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Plant NameTypeDescription 
VirusDahliaDiseaseTomato spotted wilt virus (thrips vector) induces a yellow-green mosaic, irregular concentric rings, or even wavy-lines in older leaves. Dahlia mosaic virus (aphid vector) produces chlorosis along veins and may shorten internodes, facilitating a stunted or bushy appearance. The tomato-ringspot-related virus (probably nematode vector) produces necrotic patches and marginal necrosis on the leaf blade.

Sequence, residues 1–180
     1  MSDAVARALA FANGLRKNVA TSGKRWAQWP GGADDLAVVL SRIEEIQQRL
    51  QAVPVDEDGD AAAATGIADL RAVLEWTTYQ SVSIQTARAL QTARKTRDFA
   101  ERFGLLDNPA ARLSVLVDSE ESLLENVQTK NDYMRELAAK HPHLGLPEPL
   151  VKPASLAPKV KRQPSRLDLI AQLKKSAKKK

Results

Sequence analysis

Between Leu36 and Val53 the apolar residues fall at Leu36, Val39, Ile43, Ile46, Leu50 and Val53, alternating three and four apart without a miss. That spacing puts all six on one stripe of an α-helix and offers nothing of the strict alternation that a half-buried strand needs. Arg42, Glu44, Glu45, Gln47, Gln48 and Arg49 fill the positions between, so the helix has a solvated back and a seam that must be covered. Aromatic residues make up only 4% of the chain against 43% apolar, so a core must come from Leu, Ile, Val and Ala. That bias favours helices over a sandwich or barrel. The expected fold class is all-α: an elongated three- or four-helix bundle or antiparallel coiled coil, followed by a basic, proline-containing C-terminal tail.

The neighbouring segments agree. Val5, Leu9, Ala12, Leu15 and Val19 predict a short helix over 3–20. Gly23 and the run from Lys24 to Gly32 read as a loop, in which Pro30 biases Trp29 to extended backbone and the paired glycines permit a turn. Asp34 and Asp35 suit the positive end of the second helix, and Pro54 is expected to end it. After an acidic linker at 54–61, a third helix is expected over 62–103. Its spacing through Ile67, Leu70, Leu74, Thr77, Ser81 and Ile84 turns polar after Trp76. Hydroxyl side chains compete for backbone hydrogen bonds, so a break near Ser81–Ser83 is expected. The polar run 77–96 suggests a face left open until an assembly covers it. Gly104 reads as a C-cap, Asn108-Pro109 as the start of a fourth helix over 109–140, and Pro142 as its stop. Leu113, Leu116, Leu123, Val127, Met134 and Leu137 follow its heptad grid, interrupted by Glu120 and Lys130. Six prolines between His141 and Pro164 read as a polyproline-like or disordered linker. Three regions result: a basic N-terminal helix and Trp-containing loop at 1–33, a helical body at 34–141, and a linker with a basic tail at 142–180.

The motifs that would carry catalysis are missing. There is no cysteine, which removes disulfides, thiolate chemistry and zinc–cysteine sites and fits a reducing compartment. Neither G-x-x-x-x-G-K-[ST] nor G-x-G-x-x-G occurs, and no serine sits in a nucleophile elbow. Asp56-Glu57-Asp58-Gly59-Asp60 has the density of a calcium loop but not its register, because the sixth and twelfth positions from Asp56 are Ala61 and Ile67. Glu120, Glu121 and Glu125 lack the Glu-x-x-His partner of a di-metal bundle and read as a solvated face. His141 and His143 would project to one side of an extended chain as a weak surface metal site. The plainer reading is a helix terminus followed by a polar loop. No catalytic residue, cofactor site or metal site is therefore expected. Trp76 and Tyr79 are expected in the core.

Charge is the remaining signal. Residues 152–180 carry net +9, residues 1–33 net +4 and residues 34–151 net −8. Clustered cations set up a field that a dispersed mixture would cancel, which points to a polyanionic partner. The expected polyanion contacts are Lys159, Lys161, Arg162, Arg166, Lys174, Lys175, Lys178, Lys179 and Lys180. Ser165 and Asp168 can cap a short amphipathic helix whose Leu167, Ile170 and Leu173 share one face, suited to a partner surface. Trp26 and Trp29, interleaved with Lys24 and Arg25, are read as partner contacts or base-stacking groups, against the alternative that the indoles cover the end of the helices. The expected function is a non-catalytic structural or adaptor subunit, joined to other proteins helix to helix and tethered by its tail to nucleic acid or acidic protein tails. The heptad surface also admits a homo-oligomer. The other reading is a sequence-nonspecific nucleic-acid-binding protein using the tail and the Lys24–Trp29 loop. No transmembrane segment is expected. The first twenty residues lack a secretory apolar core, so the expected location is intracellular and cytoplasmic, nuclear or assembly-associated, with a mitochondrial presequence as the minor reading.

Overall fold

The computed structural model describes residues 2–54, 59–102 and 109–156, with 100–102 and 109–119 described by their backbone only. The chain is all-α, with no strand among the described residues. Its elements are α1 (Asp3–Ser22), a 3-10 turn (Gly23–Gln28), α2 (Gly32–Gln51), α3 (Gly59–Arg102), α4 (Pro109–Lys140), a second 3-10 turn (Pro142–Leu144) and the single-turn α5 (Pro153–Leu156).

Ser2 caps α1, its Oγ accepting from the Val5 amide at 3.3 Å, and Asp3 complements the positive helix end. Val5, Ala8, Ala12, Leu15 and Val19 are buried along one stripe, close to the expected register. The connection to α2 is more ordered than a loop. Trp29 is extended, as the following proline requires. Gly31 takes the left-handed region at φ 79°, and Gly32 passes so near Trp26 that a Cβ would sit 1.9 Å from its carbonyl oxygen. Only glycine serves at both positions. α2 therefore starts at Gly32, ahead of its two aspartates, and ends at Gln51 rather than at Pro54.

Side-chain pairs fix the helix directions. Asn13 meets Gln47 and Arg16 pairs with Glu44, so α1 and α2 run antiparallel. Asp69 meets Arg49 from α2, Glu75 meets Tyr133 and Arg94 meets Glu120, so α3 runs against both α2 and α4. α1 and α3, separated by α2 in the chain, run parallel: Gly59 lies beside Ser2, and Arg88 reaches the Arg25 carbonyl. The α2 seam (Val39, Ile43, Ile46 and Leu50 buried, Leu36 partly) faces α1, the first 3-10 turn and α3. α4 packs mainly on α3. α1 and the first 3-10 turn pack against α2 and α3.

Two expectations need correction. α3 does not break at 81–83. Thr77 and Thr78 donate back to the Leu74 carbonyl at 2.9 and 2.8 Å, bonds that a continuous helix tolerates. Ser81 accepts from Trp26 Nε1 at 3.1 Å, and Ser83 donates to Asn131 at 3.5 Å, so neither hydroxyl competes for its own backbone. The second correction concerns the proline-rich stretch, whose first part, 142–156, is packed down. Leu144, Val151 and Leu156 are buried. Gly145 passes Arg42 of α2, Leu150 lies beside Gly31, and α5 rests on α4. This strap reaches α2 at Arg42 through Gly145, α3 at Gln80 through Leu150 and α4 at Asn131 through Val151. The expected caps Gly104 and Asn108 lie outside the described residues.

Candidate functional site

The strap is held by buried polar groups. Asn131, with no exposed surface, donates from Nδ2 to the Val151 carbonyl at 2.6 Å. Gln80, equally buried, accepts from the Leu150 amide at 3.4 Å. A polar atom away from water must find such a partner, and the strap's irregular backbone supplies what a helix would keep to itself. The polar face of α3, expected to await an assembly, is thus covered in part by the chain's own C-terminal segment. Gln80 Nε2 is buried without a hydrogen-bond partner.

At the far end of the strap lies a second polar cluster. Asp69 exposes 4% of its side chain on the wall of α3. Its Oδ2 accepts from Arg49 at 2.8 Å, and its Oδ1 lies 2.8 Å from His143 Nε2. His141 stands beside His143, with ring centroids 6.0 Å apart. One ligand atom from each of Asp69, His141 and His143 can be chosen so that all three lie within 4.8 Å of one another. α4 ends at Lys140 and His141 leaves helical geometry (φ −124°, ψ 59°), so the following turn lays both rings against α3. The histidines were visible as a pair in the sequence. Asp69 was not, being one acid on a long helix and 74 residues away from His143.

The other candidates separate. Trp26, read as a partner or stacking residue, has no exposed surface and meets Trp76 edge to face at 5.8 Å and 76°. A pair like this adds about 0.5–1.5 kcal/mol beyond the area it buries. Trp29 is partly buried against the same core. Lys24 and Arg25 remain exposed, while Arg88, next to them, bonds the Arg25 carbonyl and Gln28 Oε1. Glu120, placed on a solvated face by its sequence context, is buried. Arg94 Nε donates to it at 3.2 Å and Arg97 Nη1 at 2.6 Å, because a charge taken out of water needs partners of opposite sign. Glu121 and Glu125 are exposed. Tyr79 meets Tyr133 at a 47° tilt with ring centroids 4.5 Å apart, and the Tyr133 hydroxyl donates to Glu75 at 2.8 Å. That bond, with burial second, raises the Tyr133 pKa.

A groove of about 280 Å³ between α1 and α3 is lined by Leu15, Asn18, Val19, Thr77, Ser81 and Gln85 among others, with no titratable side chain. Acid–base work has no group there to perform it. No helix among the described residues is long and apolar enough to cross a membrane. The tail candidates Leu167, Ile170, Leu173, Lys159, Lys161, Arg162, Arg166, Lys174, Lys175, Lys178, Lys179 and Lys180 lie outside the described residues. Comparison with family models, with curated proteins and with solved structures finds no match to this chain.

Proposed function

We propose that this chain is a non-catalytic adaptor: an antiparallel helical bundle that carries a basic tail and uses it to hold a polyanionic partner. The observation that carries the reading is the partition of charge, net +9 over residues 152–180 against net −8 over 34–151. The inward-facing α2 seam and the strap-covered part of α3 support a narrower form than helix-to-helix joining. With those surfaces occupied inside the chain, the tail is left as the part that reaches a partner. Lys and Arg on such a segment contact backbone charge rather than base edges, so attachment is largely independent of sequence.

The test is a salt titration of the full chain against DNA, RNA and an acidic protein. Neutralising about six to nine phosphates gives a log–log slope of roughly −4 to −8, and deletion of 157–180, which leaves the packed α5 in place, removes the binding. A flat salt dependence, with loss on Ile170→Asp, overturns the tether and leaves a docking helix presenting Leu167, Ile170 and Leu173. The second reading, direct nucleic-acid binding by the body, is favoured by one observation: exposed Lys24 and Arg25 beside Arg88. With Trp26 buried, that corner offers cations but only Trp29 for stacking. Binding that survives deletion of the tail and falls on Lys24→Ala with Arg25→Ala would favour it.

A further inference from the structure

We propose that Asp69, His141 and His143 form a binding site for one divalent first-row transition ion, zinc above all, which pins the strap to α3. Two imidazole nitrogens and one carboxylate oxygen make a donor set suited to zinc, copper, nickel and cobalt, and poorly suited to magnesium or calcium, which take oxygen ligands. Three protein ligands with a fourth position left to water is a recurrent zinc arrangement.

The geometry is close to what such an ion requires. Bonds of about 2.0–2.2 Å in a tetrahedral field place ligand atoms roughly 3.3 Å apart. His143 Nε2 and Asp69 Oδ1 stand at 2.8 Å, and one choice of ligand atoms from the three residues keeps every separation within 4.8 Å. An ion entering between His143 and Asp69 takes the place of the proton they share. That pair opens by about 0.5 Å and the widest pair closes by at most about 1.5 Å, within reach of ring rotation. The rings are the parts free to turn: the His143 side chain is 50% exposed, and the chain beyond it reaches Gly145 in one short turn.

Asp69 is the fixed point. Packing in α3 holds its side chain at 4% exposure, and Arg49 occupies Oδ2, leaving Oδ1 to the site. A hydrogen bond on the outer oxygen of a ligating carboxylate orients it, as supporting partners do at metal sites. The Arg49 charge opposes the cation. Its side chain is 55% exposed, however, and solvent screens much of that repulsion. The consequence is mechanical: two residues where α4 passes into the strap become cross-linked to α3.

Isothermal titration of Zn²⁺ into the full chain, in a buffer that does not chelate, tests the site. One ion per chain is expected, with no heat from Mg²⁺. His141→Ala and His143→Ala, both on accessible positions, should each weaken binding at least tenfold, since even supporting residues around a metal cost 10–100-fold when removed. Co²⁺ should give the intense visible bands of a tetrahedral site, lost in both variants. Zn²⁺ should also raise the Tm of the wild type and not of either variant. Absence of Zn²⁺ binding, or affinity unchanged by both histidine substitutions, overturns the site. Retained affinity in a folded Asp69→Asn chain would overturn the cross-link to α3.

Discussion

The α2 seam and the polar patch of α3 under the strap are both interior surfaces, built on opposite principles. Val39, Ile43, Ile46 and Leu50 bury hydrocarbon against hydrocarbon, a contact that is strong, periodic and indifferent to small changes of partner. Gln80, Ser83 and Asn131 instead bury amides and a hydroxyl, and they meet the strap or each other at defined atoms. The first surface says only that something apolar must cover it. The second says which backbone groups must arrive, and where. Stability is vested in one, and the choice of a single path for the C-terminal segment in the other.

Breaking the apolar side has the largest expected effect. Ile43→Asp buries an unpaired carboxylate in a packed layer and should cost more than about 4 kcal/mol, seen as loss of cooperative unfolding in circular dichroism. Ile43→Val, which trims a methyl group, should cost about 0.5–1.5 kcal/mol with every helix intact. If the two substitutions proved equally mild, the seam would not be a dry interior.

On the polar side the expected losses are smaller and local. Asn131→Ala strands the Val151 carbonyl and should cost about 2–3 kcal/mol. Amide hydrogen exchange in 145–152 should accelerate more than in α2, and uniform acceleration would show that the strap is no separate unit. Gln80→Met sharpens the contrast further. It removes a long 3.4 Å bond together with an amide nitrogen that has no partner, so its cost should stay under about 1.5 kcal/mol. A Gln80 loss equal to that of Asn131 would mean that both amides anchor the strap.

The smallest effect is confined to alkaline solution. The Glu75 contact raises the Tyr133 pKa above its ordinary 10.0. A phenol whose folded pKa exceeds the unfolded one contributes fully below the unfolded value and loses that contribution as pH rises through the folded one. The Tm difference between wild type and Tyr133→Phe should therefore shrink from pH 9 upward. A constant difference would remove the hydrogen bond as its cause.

EarwigsDahliaInsectEarwigs are reddish-brown insects about 3/4" or less in length. Both males and females have pincers at the rear end. Earwigs are largely beneficial, feeding on many pests such as aphids (including apple aphids), mites, and nematodes, as well as on algae, fungi, and decaying plant material. However, earwigs can also damage plants. They sometimes feed on flowers, shoot tips, or leaves. Damaged shoot tips may fail to develop properly, sometimes stunting growth. Damaged leaves exhibit small to large holes.
Western spotted cucumber beetleDahliaInsectThe western spotted cucumber beetle is a pest of many ornamentals and vegetables. About 1/4" long, the adult beetles have yellow wing covers with black spots. The rest of the body is black. Adults feed on leaves of plants, while the larvae feed on the roots of some plants.